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Letting the Devil Tune Your Guitar

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In this short, we go looking for the devil, and find ourselves tangled in a web of details surrounding one of the most haunting figures in music -- a legendary guitarist whose shadowy life spawned a legend so powerful, it's still being repeated... even by fans who don't believe a word of it.

For years and years, Jad's been fascinated by the myth of what happened to Robert Johnson at the crossroads in Clarksdale, Mississippi. The story goes like this: back in the 1920s, Robert Johnson wanted to play the blues. But he really sucked. He sucked so much, that everyone who heard him told him to get lost. So he did. He disappeared for a little while, and when he came back, he was different. His music was startling -- and musicians who'd laughed at him before now wanted to know how he did it. And according to the now-famous legend, Johnson had a simple answer: he went out to the crossroads just before midnight, and when the devil offered to tune his guitar in exchange for his soul, he took the deal.

Producer Pat Walters bravely escorts Jad to the scene of the supposed crime, in the middle of the night in the Mississippi Delta, to try to track down some shred of truth to all this. And Robert Johnson experts Tom Graves, Elijah Wald, David Evans, and Robert “Mack” McCormick help bring us a step closer to the real human at the heart of this tale. Plus, we hear, posthumously, from Ledell Johnson...a man of no relation to Robert, who unintentionally helped the world fall for a blues-imbued ghost story. 

Read more:

Tom Graves, Crossroads: The Life and Afterlife of Blues Legend Robert Johnson

Elijah Wald, Escaping the Delta: Robert Johnson and the Invention of the Blues

David Evans, Tommy Johnson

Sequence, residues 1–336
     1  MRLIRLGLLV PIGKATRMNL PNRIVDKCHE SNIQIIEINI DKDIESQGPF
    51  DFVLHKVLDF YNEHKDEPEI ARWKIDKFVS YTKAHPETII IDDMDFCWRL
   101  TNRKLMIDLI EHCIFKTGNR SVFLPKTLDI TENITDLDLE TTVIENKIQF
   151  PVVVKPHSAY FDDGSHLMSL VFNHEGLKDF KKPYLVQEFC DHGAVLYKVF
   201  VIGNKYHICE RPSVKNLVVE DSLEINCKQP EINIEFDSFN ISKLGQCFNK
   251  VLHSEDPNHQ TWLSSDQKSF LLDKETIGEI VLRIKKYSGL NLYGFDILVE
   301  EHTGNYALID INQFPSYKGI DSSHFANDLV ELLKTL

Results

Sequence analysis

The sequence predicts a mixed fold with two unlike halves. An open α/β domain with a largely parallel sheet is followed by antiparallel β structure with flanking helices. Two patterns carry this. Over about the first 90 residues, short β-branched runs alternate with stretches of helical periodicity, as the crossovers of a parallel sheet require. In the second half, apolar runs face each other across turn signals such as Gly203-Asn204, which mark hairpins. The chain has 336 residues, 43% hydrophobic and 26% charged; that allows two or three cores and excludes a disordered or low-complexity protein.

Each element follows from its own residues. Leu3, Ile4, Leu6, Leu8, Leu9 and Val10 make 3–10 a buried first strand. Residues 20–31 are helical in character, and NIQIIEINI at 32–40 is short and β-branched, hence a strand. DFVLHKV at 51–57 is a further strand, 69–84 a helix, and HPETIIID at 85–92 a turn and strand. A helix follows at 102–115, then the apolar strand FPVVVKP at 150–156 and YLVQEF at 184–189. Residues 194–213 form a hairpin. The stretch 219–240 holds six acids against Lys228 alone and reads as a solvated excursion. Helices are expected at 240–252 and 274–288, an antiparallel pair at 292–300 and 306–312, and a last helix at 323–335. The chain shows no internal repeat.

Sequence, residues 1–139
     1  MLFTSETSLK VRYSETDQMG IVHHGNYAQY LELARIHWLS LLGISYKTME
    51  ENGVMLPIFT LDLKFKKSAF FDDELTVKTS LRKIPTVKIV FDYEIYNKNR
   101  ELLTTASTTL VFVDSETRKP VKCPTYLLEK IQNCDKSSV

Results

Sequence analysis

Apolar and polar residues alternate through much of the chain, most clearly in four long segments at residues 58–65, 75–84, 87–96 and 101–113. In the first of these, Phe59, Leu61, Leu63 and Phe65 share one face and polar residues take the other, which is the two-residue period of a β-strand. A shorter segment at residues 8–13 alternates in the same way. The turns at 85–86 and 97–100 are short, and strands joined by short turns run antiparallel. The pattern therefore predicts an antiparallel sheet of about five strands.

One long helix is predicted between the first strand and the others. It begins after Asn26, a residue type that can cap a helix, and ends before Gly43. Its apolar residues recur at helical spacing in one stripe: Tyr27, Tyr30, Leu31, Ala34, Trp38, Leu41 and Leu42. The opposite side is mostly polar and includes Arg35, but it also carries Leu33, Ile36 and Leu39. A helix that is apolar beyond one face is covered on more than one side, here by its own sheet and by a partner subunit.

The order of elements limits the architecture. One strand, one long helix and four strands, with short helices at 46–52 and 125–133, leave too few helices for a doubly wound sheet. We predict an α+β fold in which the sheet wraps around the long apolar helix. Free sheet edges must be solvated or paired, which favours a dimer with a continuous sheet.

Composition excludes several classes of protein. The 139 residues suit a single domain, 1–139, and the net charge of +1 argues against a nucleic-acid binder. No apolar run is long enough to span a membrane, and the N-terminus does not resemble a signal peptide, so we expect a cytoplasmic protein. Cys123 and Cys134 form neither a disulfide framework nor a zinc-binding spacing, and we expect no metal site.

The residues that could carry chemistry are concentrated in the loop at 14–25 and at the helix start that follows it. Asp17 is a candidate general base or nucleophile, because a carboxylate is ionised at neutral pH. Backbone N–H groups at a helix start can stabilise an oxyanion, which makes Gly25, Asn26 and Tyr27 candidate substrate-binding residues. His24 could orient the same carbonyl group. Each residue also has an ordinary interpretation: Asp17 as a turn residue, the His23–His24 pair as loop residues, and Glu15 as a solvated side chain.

Peter Guralnick, Searching for Robert Johnson

Comments [3]

D Johnson

I am from Clarksdale, MS (the birthplace of the blues). This was a great story. By the way, Rat, the owner of the Riverside Hotel has died...I believe that he died earlier this year. The hotel is still there.

Dec. 03 2013 08:57 AM

Did you stay at Rat's hotel in Clarksdale? If you missed him you missed a huge part of this story, the man owns the hotel that used to be the colored hospital, Bessie Smith Died there. Muddy Waters used to stay there too.

Dec. 02 2013 03:17 PM
Bill Chaloupka from Las Vegas

Thanks for the great piece on Robert Johnson. If you get to San Antonio, TX, you can visit the hotel where many of those surviving 28 songs were recorded. It's the Gunter Hotel, which is in the older part of downtown and has been remodeled into quite a fancy joint. There's a small display on Johnson in the lobby. I asked a staffer what room the recordings were done in (nowadays, you can also check Wikipedia - it's room 414), and the staffer was happy to tell me, perhaps proud of the building's bit part in cultural history. The room is in use as a hotel room now, but it was being made up, so I was able to stick my head in the door and see it. A thrill.

Nov. 30 2013 04:08 PM

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